China Might Celebrate the 100th Anniversary of the Foundation of the Chinese Communist Party in “Taipei” (Part 1)
An Analysis by an Expert on the Chinese Military

Shigeo Hiramatsu

Shigeo Hiramatsu

(an expert on Chinese military affairs)
Born in 1936. After earning a master’s degree from Keio University’s graduate school, he worked at the National Institute for Defense Studies (NIDS). He successively held posts such as the chief of the department at NIDS and professor at Kyorin University. His specialty is the military affairs and diplomacy of present-day China. His main books are “How Has China Unilaterally Changed the National Border” (published by Soshisha) and “Japan Will Be Sucked into Wars that China Triggers” (published by Tokuma Shoten Publishing).

Many people still remember that China held a military parade in Beijing on September 3rd to commemorate its WW2 victory over Japan.

In the parade, China displayed domestically produced, state-of-the-art weaponry one after another, such as more than 40 kinds of missiles and tanks, including the anti-ship “carrier killer” missile Dongfeng-21D with a range of 1,500 km and Dongfeng-26 with a range of 4,000 km. Despite vigilance from the international community, China is showing off its huge military expansion. What is China aiming for? We feature an analysis by Shigeo Hiramatsu, an expert on Chinese military affairs, in a two-part series.

Q: How did this year’s military parade compare to the one held in 2009? Were there any characteristic changes?

Hiramatsu: So far, China has held military parades on the National Day of the People’s Republic of China in the beginning of October, but this year, it staged a parade on the Victory over Japan Day, which reflected China’s important intention. The attendance of South Korea’s President Park Geun-hye, who has repeatedly made anti-Japan remarks, was also highly symbolic.

Q: What do you think of China’s controversial intrusion into the South China Sea?

Hiramatsu: I think China’s invasion into territorial waters reminds many Japanese of the “Senkaku” islands. However, the true aim of China is Okinawa and Taiwan, not the Senkaku islands. China is attempting to gain Okinawa and Taiwan, and to advance into the Pacific soon after that.

At the same time, the problem of China’s unilateral gas field development in the middle of the East China Sea is extremely serious. When you move southward from Shanghai into the Pacific, you can see the gas fields on the way. China claims that it is building gas field facilities, but they are actually military compounds. China does not care whether it can secure natural gas or not.

As evidenced by the current South China Sea issues, the Chinese military is trying to make military bases on man-made islands in the South China Sea a bridgehead for advancing into the Pacific. Sources say that China has already completed a 3,000-meter airstrip, which will enable planes to patrol the West Pacific freely. The East China Sea and the South China Sea are not separate, but are connected to each other. China is working steadily on a project to bring the West China Sea under its control.

Q: Amid rising tensions, what do you think will happen to Taiwan?

Hiramatsu: Let us go back to how China invaded Inner Mongol, Uighur, and Tibet. Communist China first established autonomous regions, and then it began to encourage Han Chinese to settle there. It gradually increased the population of the Han Chinese in the regions, built up the infrastructure, and then the regions became Chinese provinces before anyone had realized it. Naturally, unable to understand what was going on, the indigenous people panicked and started riots. Then, the Communist Party sent in its troops and crushed the local people with force. This was what China did in Uighur and Tibet.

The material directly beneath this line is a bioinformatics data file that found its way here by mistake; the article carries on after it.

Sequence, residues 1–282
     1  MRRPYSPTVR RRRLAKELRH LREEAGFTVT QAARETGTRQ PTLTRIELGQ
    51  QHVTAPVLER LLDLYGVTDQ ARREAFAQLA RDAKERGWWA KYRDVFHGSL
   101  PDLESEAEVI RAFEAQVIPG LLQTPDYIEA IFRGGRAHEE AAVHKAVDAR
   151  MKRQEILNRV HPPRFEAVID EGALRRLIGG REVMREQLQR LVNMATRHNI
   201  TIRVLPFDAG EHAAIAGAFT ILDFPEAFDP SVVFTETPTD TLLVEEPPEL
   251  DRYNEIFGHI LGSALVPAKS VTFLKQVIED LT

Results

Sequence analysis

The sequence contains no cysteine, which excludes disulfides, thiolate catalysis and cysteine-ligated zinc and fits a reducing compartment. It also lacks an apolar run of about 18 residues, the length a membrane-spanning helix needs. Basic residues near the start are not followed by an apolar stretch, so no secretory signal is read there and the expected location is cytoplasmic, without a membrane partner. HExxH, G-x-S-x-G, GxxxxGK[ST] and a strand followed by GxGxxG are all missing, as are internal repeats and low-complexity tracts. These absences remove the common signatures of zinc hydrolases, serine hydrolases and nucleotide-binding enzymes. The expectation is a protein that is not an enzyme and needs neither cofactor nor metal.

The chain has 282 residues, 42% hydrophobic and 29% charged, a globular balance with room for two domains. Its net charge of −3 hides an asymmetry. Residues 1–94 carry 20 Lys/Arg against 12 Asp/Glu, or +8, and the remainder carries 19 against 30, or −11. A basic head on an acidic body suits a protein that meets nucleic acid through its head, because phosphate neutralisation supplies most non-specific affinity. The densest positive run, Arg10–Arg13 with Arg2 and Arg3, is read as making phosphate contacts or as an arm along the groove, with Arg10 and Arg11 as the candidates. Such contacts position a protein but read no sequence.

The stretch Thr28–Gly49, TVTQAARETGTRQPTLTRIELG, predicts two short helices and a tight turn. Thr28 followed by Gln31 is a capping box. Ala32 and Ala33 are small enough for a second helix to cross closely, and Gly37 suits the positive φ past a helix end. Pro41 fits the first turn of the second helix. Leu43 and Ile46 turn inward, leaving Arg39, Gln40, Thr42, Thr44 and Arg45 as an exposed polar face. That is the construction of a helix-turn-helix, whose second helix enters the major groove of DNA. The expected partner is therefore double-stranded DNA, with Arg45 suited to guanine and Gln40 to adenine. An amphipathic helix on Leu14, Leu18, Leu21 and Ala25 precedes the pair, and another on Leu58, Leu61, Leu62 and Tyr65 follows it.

China is saying to Taiwan, “Let us keep going with the same friendly relationship,” but it is aiming to deepen its economic relationship with Taiwan and eventually bring it under its control.

If the Taiwanese protest China’s way of doing things, saying, “This was not how it was supposed to be,” China will send its troops to suppress them. The same thing is likely to happen in Okinawa. There are not many Japanese people that are aware that China is two-faced. Onaga, the Governor of Okinawa Prefecture, is representing those people. The year 2021 will mark the 100th anniversary of the founding of the Chinese Communist Party, and I am afraid that China will celebrate it in Taipei, not in Beijing.

Q: Japan must defend Okinawa. So are we concerned about how the U.S. will move in the future?

Hiramatsu: Soon after President Obama took office in 2009, he made a move to reduce the number of U.S. Marines in Okinawa from about 20,000 to 10,000 and retreat them to the Pacific. Obama was concerned that the U.S. might no longer be able to defend Okinawa and was wary of China advancing into the West Pacific. On the whole, the U.S. is beginning to shift its attitude, that is, it is not capable of sufficiently dealing with China’s attempt to advance into the Pacific, nor does it have the intention of doing so.

If the U.S. decides to withdraw its troops, the Japan Self-Defense Forces are expected to assume the role of defending the country, but Japan is not moving in this direction at all. We should not equate the weaponry displayed in this year’s military parade in China with its military strength, but when I look at the SDF parade held in 2013, I cannot help but feel miserable as a Japanese. In light of the military situation in the neighboring countries, Japan must establish specific national defense systems to counterbalance those countries.

China Might Celebrate the 100th Anniversary of the Foundation of the Chinese Communist Party in “Taipei” (Part 1)
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